And somehow, in the blink of an eye, it's the week before Christmas and we're racing around trying to fill cookie tins, pick up a few last minute gifts, make plans for our upcoming Bay Area visit (Oliver's first time to San Francisco!), string popcorn garland, and see as many friends as possible. While I tried to avoid it this year, the hustle and bustle is upon us and it looks like we're kind of succumbing to it -- everywhere, that is, except the kitchen: we're hosting Christmas dinner this weekend, and I've been really determined to keep things festive yet low key, special yet simple. So today I bring you one of my favorite appetizers of all time, lightened up a bit, made with a very doable ingredient list and tackled in under an hour. Oliver and Sam eat it by the spoonful and sneak bites of leftovers for breakfast. It's that good.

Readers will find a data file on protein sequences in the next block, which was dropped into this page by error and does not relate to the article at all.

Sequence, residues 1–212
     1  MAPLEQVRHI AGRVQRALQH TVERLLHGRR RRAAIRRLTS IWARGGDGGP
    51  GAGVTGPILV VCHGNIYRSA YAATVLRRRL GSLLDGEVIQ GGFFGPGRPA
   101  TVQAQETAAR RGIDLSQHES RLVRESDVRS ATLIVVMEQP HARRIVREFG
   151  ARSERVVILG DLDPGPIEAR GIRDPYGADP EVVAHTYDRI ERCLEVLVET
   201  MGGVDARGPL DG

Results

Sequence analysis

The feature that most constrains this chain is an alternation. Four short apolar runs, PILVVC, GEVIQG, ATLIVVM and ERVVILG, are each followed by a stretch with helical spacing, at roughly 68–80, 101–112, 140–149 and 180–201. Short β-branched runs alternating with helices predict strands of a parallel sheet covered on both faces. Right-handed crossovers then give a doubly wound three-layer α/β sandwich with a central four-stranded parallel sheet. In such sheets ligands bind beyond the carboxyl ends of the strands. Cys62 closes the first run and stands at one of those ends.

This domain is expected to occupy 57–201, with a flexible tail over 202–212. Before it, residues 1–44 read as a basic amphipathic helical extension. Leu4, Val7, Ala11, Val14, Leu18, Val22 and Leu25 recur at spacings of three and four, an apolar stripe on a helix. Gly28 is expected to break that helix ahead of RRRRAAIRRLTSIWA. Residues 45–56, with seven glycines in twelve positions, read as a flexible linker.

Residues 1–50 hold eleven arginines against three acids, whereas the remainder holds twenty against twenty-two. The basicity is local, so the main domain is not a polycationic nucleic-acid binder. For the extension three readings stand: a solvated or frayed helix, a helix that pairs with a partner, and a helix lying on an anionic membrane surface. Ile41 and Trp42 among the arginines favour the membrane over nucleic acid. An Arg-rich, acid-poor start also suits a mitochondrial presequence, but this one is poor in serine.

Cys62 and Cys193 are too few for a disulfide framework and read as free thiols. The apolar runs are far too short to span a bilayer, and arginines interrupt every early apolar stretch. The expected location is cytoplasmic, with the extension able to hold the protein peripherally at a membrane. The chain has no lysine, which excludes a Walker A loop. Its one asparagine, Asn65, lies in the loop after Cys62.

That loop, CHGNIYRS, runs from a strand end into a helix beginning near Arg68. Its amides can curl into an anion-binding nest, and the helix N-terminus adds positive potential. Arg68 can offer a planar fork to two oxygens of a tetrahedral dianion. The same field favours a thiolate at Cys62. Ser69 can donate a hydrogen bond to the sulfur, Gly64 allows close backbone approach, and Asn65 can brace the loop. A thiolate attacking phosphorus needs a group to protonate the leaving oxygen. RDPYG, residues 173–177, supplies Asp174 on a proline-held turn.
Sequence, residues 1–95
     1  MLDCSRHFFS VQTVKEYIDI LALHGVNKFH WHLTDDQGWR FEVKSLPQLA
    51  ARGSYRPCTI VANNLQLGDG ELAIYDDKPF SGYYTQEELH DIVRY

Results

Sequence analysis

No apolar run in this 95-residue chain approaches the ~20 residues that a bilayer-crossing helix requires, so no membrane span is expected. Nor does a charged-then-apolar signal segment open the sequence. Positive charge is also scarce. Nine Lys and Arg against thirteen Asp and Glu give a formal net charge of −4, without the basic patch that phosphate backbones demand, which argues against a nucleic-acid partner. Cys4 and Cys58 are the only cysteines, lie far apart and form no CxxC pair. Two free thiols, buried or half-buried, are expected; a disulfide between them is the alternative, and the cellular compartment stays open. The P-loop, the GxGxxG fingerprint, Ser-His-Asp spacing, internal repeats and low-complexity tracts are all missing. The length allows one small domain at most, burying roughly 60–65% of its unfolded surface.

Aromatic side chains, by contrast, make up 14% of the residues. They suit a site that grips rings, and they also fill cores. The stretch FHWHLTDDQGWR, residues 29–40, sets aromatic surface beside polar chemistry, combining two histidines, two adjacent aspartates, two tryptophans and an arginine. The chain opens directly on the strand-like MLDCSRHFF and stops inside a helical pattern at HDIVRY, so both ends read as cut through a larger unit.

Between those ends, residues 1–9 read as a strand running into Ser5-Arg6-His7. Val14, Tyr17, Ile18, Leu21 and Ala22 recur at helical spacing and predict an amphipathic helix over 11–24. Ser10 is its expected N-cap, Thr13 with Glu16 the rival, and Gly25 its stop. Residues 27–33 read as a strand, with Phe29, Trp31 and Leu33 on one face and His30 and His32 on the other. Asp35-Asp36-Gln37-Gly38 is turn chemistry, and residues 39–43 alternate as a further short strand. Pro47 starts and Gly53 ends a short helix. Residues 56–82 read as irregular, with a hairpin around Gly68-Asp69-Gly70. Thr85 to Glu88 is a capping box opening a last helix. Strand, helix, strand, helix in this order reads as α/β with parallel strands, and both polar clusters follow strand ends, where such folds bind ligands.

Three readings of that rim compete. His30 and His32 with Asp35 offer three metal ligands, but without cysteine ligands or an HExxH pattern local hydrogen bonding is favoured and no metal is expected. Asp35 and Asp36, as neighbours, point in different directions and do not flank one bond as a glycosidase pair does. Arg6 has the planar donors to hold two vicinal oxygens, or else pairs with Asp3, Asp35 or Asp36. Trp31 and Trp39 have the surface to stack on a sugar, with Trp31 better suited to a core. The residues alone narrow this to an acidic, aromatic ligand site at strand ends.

Last week, we took a quick trip to Lake Tahoe to celebrate my sister Zoe's birthday and the last hurrah of summer. My family has a cabin on the lake that we've had since I was a little girl, and it felt like a pretty big deal showing Sam and Oliver around the little town -- where we got ice cream as kids, the mini golf course, the modest town beach and run-down motel that's been there for ages. We got burgers at The Char Pit, Oliver went on his first boat ride and his first hike, and we saw some crazy-pink California sunsets. When we got back to Seattle it felt surprisingly like fall: somehow in the span of just a few days, we've got leaves on the ground and cooler mornings and evenings. I promptly packed away my swimsuits, got out my sweaters, and made a run to the farmers market to load up on summer produce while we still can: tomatoes, eggplant, peaches. Oliver's been eating the peaches for breakfast in yogurt or cottage cheese and I had plans to make ratatouille with the eggplant and tomatoes, but then I thought maybe I should try something a bit out of my comfort zone. So I got out a big pot, and set out to fry up some eggplant fries.